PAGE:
I recently wrote a posting about Walmart’s Project Impact initiative and how it enables beneficial synergies between merchandizing and the supply chain (see “Walmart’s ‘Win-Play-Show’ Assortment Strategy”). On the merchandizing side, Walmart is ending up with stores that are less cluttered and more customer friendly, and on the supply chain side, these stores are carrying fewer stock keeping units (SKUs).
The remodeled stores (the “Project Impact” stores) have sales that are 75-125 basis points higher than the rest of Walmart’s stores in North America. These remodeled stores also have inventory reduction rates 5 to 6 times greater than Walmart’s traditional stores. The company plans to reduce the number of SKUs it carries by 10 to 15 percent (and by as much as 50 percent in some product categories), and Walmart will likely eliminate some vendors as a result of these efforts.
Where Walmart leads, other retailers tend to follow. According to an article in Retailwire, Kroger is in the midst of a significant SKU rationalization program. Don Becker, the head of merchandising at Kroger, noted that they have eliminated nearly 30 percent of all the SKUs in the breakfast cereal category. “We did it with our data,” Mr. Becker said. “The customers were telling us with their wallets what they were buying. And so we eliminated some sizes.” Kroger is reportedly 25 to 50 percent through this initiative, and it appears that they are further ahead than Walmart in rationalizing its product selection.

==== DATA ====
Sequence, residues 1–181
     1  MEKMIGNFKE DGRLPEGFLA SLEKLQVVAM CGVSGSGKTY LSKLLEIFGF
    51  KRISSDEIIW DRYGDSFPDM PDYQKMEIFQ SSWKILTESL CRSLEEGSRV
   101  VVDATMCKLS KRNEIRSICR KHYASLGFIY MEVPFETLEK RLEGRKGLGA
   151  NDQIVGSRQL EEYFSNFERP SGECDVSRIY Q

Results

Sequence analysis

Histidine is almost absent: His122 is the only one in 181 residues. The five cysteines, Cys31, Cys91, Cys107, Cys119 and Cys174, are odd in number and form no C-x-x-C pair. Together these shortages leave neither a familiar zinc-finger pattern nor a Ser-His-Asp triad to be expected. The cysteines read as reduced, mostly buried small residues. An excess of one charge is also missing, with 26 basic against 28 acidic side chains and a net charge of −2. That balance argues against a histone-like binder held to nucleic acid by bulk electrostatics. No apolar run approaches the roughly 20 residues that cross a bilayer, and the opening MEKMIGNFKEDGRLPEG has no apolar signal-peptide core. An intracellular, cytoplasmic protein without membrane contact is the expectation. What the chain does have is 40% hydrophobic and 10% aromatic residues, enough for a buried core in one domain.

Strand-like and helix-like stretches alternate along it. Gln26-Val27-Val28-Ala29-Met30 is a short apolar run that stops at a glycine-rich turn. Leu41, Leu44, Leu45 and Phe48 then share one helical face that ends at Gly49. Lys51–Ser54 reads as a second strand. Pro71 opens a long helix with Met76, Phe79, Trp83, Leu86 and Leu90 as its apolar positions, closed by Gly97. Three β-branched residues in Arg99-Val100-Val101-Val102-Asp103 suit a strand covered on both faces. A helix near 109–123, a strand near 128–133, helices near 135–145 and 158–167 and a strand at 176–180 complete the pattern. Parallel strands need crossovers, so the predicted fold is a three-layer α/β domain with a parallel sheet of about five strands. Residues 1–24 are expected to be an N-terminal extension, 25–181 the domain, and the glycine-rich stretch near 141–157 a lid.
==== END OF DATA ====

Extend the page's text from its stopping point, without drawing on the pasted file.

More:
According to financial analyst reports, other large retailers are at the beginning stages of similar SKU reduction initiatives. And “portfolio pruning” is a something a growing number of retailers are talking about, so it’s clear to me that this trend will extend beyond Walmart and Kroger.
What does this mean for the supply chain teams at consumer goods and food and beverage companies? This is an opportunity for you to proactively reduce your SKUs. In the longer term, fewer SKUs sold at higher volumes will be easier to forecast, and you will reap some of the same inventory savings that retailers are currently experiencing. Warehousing and transportation savings are also possible.
In the short term, this pruning will require some financial pain, as manufacturers resort to markdowns to get rid of underperforming SKUs. This will lead to increased returns and disposals, as well as create added complexity in the Sales and Operational Planning (S&OP) process. When embarking on this initiative, the supply chain and marketing organizations should collaborate closely with their retail customers, not just the big retailers that are further along in this process, but also important customers who are just beginning to think about SKU rationalization initiatives.
Nevertheless, the consumer goods manufacturing supply chain team should view this as a golden opportunity—one that doesn’t come along very often—to substantially reduce the complexity of their supply chains. In this environment, it should be clear to marketing that preemptively pruning your SKUs is apt to lead to better sales than if retailers go through this exercise for them.
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